Art and optics
In ancient times, the Sky and the Earth loved each other so madly, their offspring were trapped between their bodies until the mightiest of the children, Tane, forced them apart and let the light shine in on the world. This, the oldest story of the Maori of Aotearoa New Zealand is a tale retold in many tongues, from Genesis to the Big Bang. Light bursts upon the world, and in the philosophy of the 12th century theologian Robert Grosseteste it is light that connects us to God because it is light that gives form.
Every visual art is optical, but some art looks towards the light. Light, which is so potent a symbol for every human culture, is also one of our greatest technologies. Fire, which heats and cooks, is also the flicker of firelight that draws us home to the hearth. Because it is a technology, light has a history. For our first ancestors, the only sources of light were sun in the daytime and bio-luminescence at night. Even until the 19th century, our only light technology was flame. The incandescent electric bulb and its heirs changed that forever. Today light not only illuminates: it is the secret of fibre optics, the laser-powered infrastructure of our ubiquitous computers.
All our lenses and mobile phone displays share one single characteristic: they seek to control the light. Whether light is the visible form of God or cosmic radiation, it pours upon us in chaotic waves, blasting across space, the very measure of ultimate speed. Light creates space and shape, but as it does, it bounces, reflects, refracts, diffuses, its wavelengths and durations changing in infinite complexity. We need light, but we want to control it. We shade the too bright lamp, and magnify the dimmest flickers. With the amplifying chemistry of photographs or the rigid order of receptors in digital image capture, we hold light to our purposes. Our television screens, like our computer displays, shape light into order ranks and rows. Transmission protocols strip time out of the equation: we demand the instantaneous. Light is everywhere organized in optical technologies.
Human beings cannot bear very much disorder. We tidy our nests, guard against dirt, separate and categorise and order what we can. And yet we know that from time to time we must go out into the chaos of the world to find new energies and new ideas. Order is an endless struggle between entropy and fascism, too little order and too much. And this is the terrain of art, to walk the ragged boundaries, to quiz our unexamined taxonomies, to muddy the clear waters and sieve out of them new ways of putting the world back together again.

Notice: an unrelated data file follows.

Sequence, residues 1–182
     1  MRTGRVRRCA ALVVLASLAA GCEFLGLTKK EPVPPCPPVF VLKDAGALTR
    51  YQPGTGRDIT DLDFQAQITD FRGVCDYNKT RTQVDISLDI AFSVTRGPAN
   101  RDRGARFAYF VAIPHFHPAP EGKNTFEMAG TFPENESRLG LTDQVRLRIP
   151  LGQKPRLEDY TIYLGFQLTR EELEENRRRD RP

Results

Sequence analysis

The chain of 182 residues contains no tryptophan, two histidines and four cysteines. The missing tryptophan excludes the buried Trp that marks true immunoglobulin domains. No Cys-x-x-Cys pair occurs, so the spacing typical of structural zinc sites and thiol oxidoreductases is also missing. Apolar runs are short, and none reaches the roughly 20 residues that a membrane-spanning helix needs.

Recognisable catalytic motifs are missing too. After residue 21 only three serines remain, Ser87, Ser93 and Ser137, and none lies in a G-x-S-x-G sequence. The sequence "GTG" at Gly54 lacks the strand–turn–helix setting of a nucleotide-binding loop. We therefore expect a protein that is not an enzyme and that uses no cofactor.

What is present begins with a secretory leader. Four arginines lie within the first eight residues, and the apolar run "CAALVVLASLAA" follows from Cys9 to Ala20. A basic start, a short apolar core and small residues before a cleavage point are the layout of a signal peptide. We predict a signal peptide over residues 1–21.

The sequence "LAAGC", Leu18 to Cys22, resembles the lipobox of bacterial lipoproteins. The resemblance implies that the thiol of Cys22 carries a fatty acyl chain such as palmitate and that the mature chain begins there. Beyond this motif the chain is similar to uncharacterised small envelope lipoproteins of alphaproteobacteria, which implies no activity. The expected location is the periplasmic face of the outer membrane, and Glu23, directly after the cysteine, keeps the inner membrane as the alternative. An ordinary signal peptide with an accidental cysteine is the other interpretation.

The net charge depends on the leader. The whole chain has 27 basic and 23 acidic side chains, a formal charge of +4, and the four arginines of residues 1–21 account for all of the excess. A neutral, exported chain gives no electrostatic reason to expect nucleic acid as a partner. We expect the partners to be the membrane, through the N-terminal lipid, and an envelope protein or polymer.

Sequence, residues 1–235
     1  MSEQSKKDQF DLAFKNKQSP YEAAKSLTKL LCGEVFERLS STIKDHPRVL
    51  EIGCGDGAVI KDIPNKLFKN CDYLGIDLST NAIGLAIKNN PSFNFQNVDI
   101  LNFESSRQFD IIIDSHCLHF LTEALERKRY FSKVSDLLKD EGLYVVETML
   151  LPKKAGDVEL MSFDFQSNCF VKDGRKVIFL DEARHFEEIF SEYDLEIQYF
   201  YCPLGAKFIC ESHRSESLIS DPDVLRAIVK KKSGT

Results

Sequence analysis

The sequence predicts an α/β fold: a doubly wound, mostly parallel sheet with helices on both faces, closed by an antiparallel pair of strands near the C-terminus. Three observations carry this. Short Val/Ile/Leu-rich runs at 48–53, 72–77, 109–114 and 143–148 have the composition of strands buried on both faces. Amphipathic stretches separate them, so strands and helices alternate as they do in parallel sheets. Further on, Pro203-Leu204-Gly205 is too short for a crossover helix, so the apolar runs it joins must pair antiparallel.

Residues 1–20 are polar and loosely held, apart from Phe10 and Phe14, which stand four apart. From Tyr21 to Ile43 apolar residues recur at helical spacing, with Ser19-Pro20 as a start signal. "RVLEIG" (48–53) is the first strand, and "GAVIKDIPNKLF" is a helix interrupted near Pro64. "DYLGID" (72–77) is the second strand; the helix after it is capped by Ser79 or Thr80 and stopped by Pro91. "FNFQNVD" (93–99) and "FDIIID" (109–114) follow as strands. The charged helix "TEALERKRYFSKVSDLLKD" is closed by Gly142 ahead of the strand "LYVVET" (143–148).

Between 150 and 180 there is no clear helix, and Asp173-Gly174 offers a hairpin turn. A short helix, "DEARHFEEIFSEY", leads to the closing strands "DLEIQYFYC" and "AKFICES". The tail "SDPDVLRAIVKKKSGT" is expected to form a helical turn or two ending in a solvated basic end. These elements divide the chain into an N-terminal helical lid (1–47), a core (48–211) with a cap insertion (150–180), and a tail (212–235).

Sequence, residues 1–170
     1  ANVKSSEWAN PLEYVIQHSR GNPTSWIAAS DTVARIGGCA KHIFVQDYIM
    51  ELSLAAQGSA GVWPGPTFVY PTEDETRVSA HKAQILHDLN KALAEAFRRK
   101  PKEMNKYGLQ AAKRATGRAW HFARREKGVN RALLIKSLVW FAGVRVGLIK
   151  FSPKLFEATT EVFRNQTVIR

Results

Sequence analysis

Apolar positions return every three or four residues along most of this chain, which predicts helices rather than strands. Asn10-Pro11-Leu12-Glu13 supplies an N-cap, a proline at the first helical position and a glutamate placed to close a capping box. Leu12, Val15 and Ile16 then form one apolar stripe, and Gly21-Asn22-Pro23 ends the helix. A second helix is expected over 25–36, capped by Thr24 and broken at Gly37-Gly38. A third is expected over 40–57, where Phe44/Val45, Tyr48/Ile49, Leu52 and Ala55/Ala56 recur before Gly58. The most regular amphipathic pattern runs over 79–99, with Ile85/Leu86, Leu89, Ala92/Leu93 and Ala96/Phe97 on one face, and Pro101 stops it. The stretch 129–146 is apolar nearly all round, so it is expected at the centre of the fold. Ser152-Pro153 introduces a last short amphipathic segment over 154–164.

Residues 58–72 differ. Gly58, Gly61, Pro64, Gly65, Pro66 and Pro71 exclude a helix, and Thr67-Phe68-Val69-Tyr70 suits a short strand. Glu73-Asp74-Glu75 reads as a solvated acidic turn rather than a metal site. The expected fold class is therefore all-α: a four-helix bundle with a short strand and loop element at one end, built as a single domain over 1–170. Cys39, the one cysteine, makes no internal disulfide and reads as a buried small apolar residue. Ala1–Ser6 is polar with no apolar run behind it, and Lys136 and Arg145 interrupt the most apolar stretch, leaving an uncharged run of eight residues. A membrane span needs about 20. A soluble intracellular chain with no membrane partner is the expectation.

The artists gathered in this exhibition peer into the light that makes our world. Each of us lives in many eras. We are the electronic generation, our faces underlit by mobile screens, our cafés, shops and houses cast into sharp highlights and shadows, or suffused with warm glows, tied to the global economy of energy production, of the lithium in out batteries, the petrol in our generators. But we are also those who love firelight, and those who walk into the high hills at night to watch the timeless circling of the stars. At once the most ancient and most modern of media, light is the medium of our existence as the historical animals.
The speed of light is the final measure of time, but we have learned to control that speed. The gods came, says the poet Ezra Pound, by speed of communication. But we are human, and our arts of communication are not only about immediacy but slowness.
Every day we navigate oceans of images and data. Every screen, every image, promises to be whole and entire, to speak some kind of truth, about the news or sport or beauty or fun. To offer a whole experience. Our artists work with the light that carries these images. They unpick the woven fabric of images, unfold the impenetrable surfaces, unpack the contents of the black boxes where we keep the engines of image-making. One makes us see, in the scanning electron guns, the remnant of the patient gesture of hand and arm. Another magics into existence a way of seeing bodies moving, neither slow motion nor fast but in a different time to the one we think we know so well. One makes us feel the weight of history , the long centuries of travel and trade that brought us to this moment when all the world's goods can be dangled before the eyes of all its citizens. Another tells us of the geographies of transmission. The ancient light of fireflies inspires another with light that has no history, but comes to our city to tell us just how strange the city has become. Sometimes a darkness is the core communication of the light, a memory repressed, like a photograph stashed under the bed in hopes that one day from out of the dim past will come the flaming swords of justice and shame.
By attending closely to the time of light, of the making of light and of watching, of the purest act of perceiving light, these artists invite us to consider its weight and density and its power to link us in myriad bonds to the history of light and seeing. By making experiences for us, they also bring before us the fragility and ephemerality of light, its unique moment in the sun, its flickering passage into night. Symbol of both mortality and immortality, our hearth of tradition and our beacon of progress, light complies with power, and complicates it. The order of light is the disorder of time, and the order of time is the freedom of light. We celebrate as we mourn both the splashing light of fountains and the rectilinear ray, and contemplate the subtle politics as we engage the deft poetics enacted in the art of light, at this moment, in this city, unique in all the annals of creation.
Sean Cubitt, Winchester, 16 March 2013